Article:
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A blog exploring the intersection of dystopian fiction and radical politics


Tuesday, July 5, 2016
 

Why dystopia?

If you go to the movies, watch TV or read books, you have encountered tales of dystopia, fantastic visions of a future world gone terribly wrong. But you probably don't know how profoundly the genre has changed our world.
Latest article: ISIS and the Dystopian Spectacle
Dystopia has fueled and reflected radical politics, from the Tea Party to Anonymous, Occupy Wall Street and the Arab Spring. It has shaped our language, from doublespeak to ultraviolence to cyberspace. It has inspired murders, rapes, riots, and atrocities, from the Oklahoma City bombing to English street gangs to a church massacre in Charleston. It set the stage for the Civil War and for World War II.

Dystopia is the word for a society that has been poisoned to its core – corrupt, misguided, ineffectual, immoral, tyrannical, uncontrollable, or all of the above. Dystopias are cautionary tales and worst-case scenarios. They are warnings, and they are calls to action. They are fascinating, frightening, wildly popular, and even – paradoxically – fun to read and watch.

People are thinking about dystopia a lot these days, amid acrimonious elections in the United States and Europe, as a wave of war and chaos threatens to engulf the globe. Fear and anxiety are leading audiences to the genre in ever-increasing numbers. The Hunger Games series alone has sold nearly $3 billion in books, movies and merchandise, and that’s just the tip of a worldwide iceberg.

But while dystopian stories entertain millions, they also predict and sometimes provoke dramatic political change. Dystopias have inspired mass murders, including the single biggest act of domestic terrorism in U.S. history. They played a key role setting the stage for the Civil War and paving the way for the rise of the Third Reich. But they also prepare us to deal with the modern world, providing language and tools to understand concepts such as mass surveillance, predictive policing, and the spectacle violence of brutal groups like ISIS.

Created by some of the world’s greatest writers and filmmakers, these powerful works range from the infamous to the obscure. Few would contest the influence of 1984 and Atlas Shrugged on mainstream politics. But lesser known tales such as The Turner Diaries, The Third Reich in the Year 2000, The Spook Who Sat by the Door, and Anticipations of the Future have fueled bigotry, nationalism, paranoia, fear and violence in ways that are more dangerous and less obvious.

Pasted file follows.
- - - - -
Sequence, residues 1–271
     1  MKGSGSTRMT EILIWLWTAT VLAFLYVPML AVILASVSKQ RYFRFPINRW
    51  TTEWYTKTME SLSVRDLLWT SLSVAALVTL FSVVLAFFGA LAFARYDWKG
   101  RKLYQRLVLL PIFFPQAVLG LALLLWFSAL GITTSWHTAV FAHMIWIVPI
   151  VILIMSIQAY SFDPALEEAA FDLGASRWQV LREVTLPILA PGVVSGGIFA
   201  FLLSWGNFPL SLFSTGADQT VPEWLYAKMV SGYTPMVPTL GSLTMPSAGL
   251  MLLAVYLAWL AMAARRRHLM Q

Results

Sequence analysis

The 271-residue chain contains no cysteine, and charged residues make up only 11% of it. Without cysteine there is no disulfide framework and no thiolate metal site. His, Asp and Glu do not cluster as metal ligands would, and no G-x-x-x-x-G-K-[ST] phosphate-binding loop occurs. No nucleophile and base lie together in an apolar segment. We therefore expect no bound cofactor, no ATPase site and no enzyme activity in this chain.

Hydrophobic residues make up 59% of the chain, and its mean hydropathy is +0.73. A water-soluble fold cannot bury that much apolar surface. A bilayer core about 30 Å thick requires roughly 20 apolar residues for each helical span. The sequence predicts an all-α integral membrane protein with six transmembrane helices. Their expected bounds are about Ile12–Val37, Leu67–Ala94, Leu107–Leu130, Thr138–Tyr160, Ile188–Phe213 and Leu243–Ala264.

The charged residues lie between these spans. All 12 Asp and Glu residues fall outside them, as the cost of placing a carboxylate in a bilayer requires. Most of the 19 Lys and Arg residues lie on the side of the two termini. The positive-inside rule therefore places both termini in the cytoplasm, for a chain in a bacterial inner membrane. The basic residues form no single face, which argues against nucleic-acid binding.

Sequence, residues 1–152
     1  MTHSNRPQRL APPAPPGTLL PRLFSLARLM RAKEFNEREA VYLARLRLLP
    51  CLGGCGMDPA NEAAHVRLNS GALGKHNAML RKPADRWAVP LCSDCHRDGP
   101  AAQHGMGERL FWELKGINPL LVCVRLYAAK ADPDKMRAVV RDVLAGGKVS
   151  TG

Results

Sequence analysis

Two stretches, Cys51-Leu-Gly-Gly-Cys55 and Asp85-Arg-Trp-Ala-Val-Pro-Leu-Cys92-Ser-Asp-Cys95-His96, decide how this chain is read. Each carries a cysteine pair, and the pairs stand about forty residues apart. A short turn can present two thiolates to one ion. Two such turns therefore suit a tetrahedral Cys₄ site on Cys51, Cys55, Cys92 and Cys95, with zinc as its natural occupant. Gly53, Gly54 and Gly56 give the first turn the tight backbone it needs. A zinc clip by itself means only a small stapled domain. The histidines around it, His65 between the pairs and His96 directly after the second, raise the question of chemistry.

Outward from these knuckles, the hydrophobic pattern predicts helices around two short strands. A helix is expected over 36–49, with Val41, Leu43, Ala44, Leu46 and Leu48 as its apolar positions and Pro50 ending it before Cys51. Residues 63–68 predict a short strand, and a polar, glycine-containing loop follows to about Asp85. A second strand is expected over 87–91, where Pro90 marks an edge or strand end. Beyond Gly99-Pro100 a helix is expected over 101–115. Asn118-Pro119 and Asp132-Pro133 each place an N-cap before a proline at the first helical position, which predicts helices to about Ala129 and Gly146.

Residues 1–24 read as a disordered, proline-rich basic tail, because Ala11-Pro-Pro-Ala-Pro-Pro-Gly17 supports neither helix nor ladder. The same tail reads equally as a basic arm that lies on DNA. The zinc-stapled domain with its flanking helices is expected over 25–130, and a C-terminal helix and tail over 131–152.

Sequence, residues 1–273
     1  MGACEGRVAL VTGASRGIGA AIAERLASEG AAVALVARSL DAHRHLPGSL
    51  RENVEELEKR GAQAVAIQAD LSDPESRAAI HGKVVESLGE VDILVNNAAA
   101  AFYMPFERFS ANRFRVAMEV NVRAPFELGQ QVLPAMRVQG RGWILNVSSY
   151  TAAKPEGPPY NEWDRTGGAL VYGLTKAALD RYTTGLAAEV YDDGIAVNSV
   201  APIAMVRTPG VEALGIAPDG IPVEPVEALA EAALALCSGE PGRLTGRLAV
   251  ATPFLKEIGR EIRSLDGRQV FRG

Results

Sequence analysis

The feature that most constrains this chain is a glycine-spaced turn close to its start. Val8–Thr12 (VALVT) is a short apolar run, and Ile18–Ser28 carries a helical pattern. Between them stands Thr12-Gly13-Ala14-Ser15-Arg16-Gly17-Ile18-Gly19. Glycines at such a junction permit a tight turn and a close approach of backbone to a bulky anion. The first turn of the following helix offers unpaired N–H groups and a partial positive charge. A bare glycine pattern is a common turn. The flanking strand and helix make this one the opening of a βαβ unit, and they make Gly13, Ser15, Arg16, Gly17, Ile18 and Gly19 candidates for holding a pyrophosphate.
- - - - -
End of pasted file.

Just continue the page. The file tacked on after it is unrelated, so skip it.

World Gone Wrong will explore these issues, opportunistically following the news, but also methodically, with a series of longer research-driven pieces that will unfold over time.



     



THE TURNER LEGACY

 
The Turner Diaries, the infamous racist dystopian novel by neo-Nazi William Luther Pierce, has inspired more than 200 murders since its publication in 1978, including the single deadliest act of domestic terrorism in U.S. history, the Oklahoma City bombing.

The book is arguably the most important single work of white nationalist propaganda in the English language, but it is not a singular artifact. The Turner Diaries is part of a genre of racist dystopian propaganda dating back to the U.S. Civil War. A new paper from J.M. Berger documents the books that directly and indirectly inspired Turner and examine the extensive violence that the novel has inspired.


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ABOUT

J.M. Berger is an author, consultant and analyst studying extremism. He is an associate fellow with the International Centre for Counter-Terrorism -- The Hague and a fellow with George Washington University's Program on Extremism. For more about Berger, click here.


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ISIS: The State of Terror
"Jessica Stern and J.M. Berger's new book, "ISIS," should be required reading for every politician and policymaker... Their smart, granular analysis is a bracing antidote to both facile dismissals and wild exaggerations... a nuanced and readable account of the ideological and organizational origins of the group." -- Washington Post

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    Jihad Joe: Americans Who Go to War in the Name of Islam:
    "At a time when some politicians and pundits blur the line between Islam and terrorism, Berger, who knows this subject far better than the demagogues, sharply cautions against vilifying Muslim Americans. ... It is a timely warning from an expert who has not lost his perspective." -- New York Times

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